Have you ever wondered the history of the iconic leather jacket?! Well, look no further than this great piece that SoulRevolver.com has briefly introduced where the leather jacket started its cool and badass roots. The article sums up how black leather became so popular, due to the fact hollywood movies portrayed rebels and cool kids in black leather jackets!
Below is the excerpt and you can read further by clicking on the link.
A Brief History of Leather Jackets
There is no doubt that the leather jacket is a cultural icon, but where did it start? Well, unfortunately the answer to that is not as clear as you would expect and tracing its history can be as confusing as it is frustrating…
Some people claim that leather jackets were invented for aviators to wear on bombing raids in world war two; others say that they were around before then because they were popular with the Russian Bolsheviks and were worn by the commissars during the Russian civil war. The real truth is, simple forms of leather jackets have been around for centuries, ever since humans worked out how to strip and tan the hide from the animals they had hunted for food.
Whatever the history of the leather jacket is there is no doubt that, in many different forms and guises, it is probably one of the most iconic pieces of clothing in popular culture and can mean so many different images.
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When buying leather, it’s always useful to know what will work best for a particular project. The finish of the leather will have a big impact on the final look and purpose of the product. Below is a brief description of the two leather finishes most commonly applied by leather manufacturers.
Pigmented Leather also known as Corrected Grain or Finished Leather goes through a lengthy process. It is first submersed in an aniline dye solution which preps the leather. In order to create a uniform and durable leather, the Pigmented Leather is heavily sanded, buffed, and finally sprayed with pigment. This process is the reason why it is called ‘Corrected Leather’, the goal of the process is to make the leather look smooth and remove any natural markings from the hides such as branding scars, bug bites, gashes/scratches that might have been on the cow’s skin. The final appearance of the leather finish is dull and waxy.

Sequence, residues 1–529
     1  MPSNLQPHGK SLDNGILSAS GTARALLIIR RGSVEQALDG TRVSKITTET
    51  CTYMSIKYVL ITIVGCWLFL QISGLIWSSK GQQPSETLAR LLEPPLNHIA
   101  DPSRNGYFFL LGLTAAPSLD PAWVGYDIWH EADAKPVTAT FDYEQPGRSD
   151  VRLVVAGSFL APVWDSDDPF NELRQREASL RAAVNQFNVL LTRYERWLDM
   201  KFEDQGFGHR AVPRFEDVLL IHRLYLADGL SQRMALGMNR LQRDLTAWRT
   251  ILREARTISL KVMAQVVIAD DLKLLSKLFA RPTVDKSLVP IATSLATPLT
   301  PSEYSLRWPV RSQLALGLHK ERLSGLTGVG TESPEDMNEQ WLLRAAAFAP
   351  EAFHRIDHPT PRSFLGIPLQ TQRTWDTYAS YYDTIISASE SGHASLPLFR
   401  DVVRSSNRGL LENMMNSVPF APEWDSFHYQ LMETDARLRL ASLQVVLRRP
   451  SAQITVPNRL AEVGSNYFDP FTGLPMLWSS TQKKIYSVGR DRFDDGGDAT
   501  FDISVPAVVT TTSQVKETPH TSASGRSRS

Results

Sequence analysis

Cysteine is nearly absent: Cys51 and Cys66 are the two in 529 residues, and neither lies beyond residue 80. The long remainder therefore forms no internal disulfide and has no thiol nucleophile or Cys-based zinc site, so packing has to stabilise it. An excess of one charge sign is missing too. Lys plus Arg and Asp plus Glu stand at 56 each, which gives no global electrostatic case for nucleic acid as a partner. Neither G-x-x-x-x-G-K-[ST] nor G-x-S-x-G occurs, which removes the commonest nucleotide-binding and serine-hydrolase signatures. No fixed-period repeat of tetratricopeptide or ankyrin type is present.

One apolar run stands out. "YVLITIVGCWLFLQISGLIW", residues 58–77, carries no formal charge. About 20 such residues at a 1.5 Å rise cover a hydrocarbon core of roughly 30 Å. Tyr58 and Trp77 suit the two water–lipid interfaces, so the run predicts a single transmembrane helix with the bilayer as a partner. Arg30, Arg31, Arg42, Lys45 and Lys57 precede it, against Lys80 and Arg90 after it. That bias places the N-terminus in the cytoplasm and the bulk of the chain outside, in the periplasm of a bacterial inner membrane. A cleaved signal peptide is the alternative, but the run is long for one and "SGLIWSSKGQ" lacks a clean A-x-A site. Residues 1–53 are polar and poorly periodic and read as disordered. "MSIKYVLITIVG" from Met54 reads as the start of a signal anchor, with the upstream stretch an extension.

The benefits of Pigmented leather (Corrected Grain Leather) are it is much more durable than Aniline leather and it doesn’t fade. The many common uses for it include: varsity jackets, children’s furniture, upholstery and car interior upholstery.
Aniline Leather or Unfinished Leather is the most natural and least processed leather. Just about 5% of cowhides are considered good enough to not go through the sanding and buffing process that Pigmented leather goes through, this makes Aniline Leather a superior leather. The only process that Aniline leather goes through is an aniline dye solution, which helps highlight the natural beauty. Aniline leather is never sanded which keeps the natural cowhide feel and grain.
The benefits of Aniline leather (Unfinished Leather) are, it is the most natural leather on the market. The leather feels more fluid, malleable, and soft. The most popular practices for Aniline Leather are for handbags, garments, and furniture. United Leathers Monte Carlo is Aniline Leather.
Next time you are shopping for leather refer back to this article to help you determine what leather finish is best suited for your leather project.
Hair Sheep vs Wool Sheep
Hair Sheep leather characteristics
The difference between Hair Sheep and Wool Sheep are the deciding factors for what type of leather they will produce. In this brief description, we will analyze the differences between these two breeds of livestock.
Hair Sheep originated from countries in the Mid East, Northern Africa and Morocco. Their origin plays an important role in their body’s fat content, hair follicles, and weight. Hair Sheep tend to be larger than their Wool Sheep counterparts. They have more hair fibers than wool sheep, and do not require shearing because their hair sheds naturally. Hair sheep also have much smaller hair cells than wool sheep. However, they are much larger than wool sheep. The only fat on their body is located at the top rear area of their backs.
Wool sheep are the other side of the coin for leather producers. This sheep species originated from England and New Zealand, and are smaller in size than hair sheep. Although they are smaller in height and length, they have much more fat on their bodies than other sheep.
Wool Sheep leather characteristics